January is often a time for health-oriented resolutions including weight loss and US Restaurants have taken note and adjusted menus accordingly in the hopes of continuing to draw these consumers in. In years past, restaurants would release an item or two that focused on the current food trend whether it be fat, carbs, or more recently, calorie counts. In more recent years, the market has shifted toward entire sub-menus dedicated to better-for-you options including lighter fare and calorie controlled items.

In 2015, the recurring theme throughout limited service restaurants is meal combos under a specific calorie count. This strategy gives consumers more options, capitalizing on the trend toward customization as well as meeting a greater variety of consumer needs from nutritional goals to dietary restrictions. On top of that, these selections feature upscale, gourmet-like flavors and ingredients, making healthy eating more appetizing than ever before.

In 2015, the recurring theme throughout limited service restaurants is meal combos under a specific calorie count

However, operators face the difficulty of standing apart from competitors. The key here is for brands to create differentiation. Some operators look to provide increased information for integrity and convenience as well as to make consumers feel empowered to choose the best possible decisions for themselves. This has resulted in partnerships with other organizations and implementing online nutritional tools.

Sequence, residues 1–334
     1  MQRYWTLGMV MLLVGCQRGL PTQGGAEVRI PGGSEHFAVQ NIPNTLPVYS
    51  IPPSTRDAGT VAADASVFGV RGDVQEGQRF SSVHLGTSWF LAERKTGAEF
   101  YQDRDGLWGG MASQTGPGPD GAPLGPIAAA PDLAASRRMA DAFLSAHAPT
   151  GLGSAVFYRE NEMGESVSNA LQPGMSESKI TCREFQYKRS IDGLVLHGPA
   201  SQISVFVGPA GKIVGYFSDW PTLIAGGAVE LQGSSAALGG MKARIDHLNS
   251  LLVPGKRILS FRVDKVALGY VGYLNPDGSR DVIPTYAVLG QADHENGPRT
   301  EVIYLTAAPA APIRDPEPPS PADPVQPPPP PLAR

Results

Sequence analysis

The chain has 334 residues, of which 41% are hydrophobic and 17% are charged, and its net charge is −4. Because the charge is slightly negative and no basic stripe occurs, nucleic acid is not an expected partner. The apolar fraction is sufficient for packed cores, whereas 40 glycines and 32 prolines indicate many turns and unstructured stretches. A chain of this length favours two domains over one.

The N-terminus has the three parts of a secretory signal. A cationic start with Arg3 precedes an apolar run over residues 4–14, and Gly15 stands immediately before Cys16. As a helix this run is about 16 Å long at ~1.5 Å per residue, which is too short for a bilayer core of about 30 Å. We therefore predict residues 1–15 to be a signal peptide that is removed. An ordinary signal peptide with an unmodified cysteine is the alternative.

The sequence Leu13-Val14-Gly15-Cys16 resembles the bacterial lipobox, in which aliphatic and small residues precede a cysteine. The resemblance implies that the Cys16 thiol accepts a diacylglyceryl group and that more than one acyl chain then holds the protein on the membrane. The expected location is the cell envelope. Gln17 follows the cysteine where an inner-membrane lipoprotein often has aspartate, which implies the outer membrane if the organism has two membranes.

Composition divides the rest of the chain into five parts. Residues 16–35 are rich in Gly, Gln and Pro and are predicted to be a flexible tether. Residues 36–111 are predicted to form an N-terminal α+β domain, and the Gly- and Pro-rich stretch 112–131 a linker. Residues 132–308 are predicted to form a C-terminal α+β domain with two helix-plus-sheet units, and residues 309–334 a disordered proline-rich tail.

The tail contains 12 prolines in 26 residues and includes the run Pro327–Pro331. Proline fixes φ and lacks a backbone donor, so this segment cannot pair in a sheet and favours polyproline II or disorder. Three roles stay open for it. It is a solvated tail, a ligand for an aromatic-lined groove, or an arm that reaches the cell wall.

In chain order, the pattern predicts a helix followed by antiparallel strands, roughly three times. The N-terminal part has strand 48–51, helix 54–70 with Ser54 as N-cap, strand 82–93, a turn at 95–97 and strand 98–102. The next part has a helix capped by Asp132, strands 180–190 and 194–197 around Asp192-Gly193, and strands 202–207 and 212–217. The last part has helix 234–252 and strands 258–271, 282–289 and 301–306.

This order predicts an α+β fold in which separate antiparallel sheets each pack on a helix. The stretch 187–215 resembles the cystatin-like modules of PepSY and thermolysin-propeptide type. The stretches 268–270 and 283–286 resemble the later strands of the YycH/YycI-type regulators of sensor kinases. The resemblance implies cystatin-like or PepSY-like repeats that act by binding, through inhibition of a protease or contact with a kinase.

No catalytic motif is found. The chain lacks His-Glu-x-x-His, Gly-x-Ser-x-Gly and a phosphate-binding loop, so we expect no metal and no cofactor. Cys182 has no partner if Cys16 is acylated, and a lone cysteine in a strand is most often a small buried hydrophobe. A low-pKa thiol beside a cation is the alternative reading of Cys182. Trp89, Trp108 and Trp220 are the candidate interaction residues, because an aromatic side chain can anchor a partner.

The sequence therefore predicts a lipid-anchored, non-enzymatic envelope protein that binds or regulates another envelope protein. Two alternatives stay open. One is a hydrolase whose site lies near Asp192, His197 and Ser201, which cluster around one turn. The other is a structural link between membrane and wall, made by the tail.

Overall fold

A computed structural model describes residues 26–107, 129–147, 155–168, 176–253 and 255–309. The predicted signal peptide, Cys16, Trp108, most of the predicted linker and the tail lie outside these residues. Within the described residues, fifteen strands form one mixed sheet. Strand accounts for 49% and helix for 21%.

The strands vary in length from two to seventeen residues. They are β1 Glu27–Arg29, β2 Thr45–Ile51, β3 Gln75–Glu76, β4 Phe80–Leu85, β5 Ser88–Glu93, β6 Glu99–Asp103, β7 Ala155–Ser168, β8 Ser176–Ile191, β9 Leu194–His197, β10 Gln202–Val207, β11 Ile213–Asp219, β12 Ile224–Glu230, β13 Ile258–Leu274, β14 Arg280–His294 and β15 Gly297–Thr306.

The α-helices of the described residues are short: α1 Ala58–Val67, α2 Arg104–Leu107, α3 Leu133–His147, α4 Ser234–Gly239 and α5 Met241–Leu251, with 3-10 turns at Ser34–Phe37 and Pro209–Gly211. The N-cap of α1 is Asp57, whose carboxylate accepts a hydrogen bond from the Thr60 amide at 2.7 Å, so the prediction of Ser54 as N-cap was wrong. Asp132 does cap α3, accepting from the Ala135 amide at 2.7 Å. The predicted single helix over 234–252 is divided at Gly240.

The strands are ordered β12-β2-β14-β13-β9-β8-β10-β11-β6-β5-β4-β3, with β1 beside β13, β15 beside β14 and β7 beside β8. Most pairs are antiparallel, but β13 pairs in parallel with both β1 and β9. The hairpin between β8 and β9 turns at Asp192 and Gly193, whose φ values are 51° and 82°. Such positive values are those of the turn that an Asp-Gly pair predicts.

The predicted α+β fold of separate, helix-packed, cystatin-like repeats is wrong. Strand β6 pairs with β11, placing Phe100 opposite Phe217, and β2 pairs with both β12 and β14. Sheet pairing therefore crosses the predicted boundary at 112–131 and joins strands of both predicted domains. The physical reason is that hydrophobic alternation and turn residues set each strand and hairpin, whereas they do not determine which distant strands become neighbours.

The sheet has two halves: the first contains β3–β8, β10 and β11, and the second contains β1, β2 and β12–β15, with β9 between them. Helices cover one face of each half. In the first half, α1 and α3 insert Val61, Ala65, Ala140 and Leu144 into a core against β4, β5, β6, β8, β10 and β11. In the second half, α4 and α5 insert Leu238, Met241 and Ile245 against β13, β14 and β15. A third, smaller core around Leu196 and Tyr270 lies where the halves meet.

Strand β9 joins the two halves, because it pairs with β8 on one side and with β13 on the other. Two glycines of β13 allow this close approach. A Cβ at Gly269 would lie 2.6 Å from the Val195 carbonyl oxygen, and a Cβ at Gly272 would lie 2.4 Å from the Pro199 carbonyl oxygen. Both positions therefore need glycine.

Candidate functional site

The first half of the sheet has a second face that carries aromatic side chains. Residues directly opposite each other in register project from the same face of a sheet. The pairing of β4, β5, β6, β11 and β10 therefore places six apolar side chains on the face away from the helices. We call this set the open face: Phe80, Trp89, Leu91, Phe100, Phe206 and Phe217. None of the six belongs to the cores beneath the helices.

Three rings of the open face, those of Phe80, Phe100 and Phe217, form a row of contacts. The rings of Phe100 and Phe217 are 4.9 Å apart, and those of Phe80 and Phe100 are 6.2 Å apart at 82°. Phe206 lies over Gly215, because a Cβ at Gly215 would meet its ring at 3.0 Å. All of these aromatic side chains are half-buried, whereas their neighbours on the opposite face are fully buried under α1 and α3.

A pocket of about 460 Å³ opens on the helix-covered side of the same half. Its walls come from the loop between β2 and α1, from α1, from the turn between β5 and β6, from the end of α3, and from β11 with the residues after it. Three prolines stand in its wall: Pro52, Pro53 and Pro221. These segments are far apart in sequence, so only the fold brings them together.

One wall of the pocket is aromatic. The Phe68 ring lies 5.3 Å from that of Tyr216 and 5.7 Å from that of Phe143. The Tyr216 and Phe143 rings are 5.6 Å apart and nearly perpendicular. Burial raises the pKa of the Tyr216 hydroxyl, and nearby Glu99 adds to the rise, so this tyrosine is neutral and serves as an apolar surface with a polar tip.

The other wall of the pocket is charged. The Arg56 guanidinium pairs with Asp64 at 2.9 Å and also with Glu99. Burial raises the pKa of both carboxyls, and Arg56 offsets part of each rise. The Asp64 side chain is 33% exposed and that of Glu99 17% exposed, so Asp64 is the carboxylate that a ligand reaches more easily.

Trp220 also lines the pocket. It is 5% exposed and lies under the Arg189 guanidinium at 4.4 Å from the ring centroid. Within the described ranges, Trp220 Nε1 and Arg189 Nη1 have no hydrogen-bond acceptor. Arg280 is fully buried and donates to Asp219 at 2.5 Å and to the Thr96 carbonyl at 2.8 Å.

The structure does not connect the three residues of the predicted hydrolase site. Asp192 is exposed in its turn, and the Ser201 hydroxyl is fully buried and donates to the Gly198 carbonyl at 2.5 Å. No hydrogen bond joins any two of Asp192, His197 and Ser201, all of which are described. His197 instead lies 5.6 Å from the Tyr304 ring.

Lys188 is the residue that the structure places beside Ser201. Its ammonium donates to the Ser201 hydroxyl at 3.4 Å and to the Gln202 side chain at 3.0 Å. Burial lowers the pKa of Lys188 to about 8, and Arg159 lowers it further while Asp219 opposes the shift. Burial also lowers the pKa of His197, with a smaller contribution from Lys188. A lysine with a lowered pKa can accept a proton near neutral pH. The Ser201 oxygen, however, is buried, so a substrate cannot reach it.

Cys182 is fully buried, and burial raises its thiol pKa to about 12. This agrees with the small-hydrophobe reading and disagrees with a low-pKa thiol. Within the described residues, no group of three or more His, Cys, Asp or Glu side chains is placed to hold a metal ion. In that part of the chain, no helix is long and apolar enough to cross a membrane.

Meanwhile, other operators are focusing on ingredients. This includes trendy super foods, responsibly raised meats, and alternative proteins. Highlighting ingredients involves the use of menu descriptors from preparation labels to nutritional claims. To give the items a bit more credibility, some operators are even calling out measures beyond calories like protein.

Unfortunately, healthful food tends to be more expensive due to ingredient costs. Because of this, some consumers shy away from trial or regular consumption of the dishes. Operators are working to boost trial in unique ways. Some offer diet plans and loyalty programs while others give away samples. Whichever strategy a restaurant chooses, it should attempt to create conversation among consumers and build in return visits. This boosts check average and increases the chances of a consumer bringing others.

Bethany’s work as a Foodservice Analyst is primarily focused on developing monthly foodservice-specific reports by utilizing custom consumer studies, market research, and menu information. Her most recent topics include Technology in Restaurants and LSR: Ethnic Concepts.

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